6)      Distributed Capital Group (“DCG”), based in New York, is another company with a creative business model that will be a major tool for true risk reduction and that will enhance capital flows especially to emerging markets. The company has designed a new risk-transfer product that conforms and capitalizes on central clearing.  With idiosyncrasies of transaction risk eliminated, there is room for more diverse features within the transaction. So what this means is that competition for moneycenter limelight is no longer to be pursued as a zero-sum cutthroat exercise, to rise at the expense of New York or London, but rather, one directed at expanding scope. 

 

Addressing Currency Risk is a powerful route to ensuring a more complete and more stable globalization.  DCG has devised a very elegant approach to relieving currency risk for any currency pair in the world, provided:  (i) central clearing; (ii) cultural engagement with globalization (i.e. a desire to be a part of globalization and its standards); and (iii) balance sheet capital willing to support the products.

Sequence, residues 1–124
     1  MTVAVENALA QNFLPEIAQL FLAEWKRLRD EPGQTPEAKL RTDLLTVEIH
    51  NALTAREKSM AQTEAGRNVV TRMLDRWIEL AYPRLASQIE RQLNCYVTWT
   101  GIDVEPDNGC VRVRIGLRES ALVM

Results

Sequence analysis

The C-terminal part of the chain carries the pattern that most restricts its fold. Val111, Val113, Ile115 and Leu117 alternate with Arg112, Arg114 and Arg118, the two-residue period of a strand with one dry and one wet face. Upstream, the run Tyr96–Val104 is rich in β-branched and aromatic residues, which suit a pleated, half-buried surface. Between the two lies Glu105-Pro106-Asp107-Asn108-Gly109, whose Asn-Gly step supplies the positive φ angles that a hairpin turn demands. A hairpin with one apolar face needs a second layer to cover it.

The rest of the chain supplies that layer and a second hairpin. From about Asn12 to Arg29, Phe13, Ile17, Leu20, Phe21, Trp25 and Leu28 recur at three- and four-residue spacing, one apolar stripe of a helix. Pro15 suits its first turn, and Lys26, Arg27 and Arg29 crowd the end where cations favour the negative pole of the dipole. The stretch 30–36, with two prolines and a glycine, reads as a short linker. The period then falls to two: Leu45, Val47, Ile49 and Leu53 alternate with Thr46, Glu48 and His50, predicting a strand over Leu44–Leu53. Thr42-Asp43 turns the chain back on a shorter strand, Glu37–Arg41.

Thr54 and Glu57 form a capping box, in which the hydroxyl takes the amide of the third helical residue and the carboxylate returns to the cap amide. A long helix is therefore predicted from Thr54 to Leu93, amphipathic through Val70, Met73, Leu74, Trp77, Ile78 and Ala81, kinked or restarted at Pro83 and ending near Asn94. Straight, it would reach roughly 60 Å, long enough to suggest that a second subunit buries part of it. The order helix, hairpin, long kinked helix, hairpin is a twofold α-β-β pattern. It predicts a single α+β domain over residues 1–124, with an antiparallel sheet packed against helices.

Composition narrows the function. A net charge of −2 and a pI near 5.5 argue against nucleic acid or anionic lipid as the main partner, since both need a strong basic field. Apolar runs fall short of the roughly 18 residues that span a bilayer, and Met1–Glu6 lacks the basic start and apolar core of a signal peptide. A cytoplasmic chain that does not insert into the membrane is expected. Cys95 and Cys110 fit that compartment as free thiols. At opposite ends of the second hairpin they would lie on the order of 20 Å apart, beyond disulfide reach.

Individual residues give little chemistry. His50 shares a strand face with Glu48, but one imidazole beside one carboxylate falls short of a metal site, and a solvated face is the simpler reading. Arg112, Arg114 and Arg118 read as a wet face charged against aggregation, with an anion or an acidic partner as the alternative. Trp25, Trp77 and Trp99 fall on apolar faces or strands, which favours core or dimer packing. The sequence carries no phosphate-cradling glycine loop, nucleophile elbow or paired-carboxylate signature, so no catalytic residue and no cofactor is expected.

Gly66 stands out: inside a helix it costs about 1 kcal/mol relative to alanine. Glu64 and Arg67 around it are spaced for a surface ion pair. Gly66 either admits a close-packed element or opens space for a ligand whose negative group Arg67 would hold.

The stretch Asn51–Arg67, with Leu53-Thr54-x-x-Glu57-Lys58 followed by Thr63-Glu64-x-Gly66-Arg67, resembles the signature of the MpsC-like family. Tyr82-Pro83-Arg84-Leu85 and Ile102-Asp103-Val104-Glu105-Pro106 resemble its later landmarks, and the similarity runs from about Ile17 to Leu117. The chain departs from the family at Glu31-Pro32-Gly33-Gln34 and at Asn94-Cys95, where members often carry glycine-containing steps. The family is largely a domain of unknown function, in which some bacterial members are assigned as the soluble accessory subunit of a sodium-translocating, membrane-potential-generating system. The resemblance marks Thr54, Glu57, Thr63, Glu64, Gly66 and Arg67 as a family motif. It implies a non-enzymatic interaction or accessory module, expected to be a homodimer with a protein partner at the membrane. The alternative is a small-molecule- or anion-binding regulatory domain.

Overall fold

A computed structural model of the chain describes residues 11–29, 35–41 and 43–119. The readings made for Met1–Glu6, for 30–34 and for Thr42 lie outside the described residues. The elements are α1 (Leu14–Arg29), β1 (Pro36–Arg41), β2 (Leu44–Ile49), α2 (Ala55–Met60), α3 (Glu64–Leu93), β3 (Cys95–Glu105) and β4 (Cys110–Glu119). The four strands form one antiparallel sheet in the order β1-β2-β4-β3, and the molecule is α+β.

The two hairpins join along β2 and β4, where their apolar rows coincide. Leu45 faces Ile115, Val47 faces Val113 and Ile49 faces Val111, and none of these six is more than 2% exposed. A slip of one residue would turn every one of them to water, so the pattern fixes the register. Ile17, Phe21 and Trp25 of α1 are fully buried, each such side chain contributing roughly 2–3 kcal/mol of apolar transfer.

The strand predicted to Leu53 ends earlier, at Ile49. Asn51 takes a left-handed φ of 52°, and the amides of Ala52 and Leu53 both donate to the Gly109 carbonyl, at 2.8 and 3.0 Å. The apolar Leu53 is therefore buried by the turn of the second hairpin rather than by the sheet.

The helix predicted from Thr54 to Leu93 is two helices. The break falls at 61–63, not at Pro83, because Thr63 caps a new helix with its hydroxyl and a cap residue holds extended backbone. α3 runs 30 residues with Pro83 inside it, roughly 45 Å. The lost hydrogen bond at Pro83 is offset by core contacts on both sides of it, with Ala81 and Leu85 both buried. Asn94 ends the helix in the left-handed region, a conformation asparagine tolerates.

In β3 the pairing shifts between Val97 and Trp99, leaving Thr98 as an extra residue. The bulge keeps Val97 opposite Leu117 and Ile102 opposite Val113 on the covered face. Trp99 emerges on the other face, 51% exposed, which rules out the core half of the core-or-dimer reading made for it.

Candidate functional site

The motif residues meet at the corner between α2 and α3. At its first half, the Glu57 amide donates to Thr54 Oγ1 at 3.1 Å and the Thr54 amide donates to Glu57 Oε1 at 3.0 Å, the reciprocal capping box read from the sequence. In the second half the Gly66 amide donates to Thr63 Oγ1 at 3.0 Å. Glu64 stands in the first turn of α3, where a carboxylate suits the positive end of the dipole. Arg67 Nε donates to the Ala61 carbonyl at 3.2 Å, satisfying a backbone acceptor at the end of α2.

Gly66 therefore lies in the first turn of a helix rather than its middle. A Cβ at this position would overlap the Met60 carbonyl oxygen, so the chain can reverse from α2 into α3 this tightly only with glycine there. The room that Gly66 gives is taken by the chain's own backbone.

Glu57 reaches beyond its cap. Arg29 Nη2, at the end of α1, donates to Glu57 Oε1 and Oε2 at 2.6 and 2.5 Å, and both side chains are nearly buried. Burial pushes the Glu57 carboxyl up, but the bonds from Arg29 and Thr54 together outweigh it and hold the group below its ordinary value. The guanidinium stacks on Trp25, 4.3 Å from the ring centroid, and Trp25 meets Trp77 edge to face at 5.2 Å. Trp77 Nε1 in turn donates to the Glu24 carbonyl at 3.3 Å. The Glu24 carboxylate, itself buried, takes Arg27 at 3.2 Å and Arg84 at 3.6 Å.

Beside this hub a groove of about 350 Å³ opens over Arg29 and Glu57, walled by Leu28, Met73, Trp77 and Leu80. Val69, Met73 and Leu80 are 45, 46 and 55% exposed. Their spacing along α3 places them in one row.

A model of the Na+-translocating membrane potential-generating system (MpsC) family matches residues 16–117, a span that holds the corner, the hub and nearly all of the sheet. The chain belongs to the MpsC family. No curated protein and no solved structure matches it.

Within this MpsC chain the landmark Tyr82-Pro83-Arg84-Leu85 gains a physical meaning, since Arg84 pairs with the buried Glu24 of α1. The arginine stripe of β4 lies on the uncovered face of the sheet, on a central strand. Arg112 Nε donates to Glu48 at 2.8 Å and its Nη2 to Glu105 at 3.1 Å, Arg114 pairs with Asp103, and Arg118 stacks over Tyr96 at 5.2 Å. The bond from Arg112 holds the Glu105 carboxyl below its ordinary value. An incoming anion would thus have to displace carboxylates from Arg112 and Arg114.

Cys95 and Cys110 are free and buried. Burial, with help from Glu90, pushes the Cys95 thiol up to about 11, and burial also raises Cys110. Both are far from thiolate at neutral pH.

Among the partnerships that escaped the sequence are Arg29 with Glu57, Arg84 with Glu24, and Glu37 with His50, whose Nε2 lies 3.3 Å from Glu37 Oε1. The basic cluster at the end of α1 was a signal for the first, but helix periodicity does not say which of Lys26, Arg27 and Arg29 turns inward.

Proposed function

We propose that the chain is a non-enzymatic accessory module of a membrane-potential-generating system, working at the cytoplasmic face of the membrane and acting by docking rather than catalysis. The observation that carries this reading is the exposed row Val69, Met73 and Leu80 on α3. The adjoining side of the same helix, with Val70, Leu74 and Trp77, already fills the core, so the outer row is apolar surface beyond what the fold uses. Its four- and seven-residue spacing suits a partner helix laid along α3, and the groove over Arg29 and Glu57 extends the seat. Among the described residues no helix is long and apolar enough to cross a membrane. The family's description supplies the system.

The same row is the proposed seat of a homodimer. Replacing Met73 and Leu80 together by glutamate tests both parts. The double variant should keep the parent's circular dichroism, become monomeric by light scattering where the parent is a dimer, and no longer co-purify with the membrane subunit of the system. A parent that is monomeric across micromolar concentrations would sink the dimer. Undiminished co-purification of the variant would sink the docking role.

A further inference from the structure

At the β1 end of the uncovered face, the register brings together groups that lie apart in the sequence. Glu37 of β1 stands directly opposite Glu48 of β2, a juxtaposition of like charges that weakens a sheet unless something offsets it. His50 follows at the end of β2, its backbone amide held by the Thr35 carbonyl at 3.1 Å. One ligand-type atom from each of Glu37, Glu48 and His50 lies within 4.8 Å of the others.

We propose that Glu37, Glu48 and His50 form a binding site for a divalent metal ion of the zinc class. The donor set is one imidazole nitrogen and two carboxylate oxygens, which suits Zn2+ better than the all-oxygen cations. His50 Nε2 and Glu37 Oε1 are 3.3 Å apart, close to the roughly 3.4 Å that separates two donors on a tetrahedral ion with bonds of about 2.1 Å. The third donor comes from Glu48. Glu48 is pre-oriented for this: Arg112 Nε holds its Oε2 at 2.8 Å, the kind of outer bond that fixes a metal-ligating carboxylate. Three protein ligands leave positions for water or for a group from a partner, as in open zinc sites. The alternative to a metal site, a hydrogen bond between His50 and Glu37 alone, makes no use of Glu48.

DCG works with the Chicago Mercantile Exchange among other derivative platforms, to connect the next economies to globalization, to facilitate bi-directional capital flows, and to deliver risk transfer through the transaction.  So any aspiring moneycenter in the world can invite itself to a seat at the expanded table of global financial centers, by subscribing to the three new fundamentals of global transaction finance. 

 

7)      A global financial market must be regulated and supervised by a global regulatory and supervisory body, but first each jurisdiction must streamline its own regulatory and supervisory framework. From a regulatory perspective we might wish to consider three anathemas: No more off-balance sheet accounting, no more offshore banking, and no more non-bank banks. We should also resist the calls for abandoning fair value accounting. It his hardly prudent to change the rules of the game in order to create a more favorable appearance of the balance sheets of our financial institutions.

 

As supervision is concerned, it should be brought under one umbrella covering banks, investment banks, hedge funds, insurance companies and other non-bank banks. This means that we look at the financial system in a holistic way.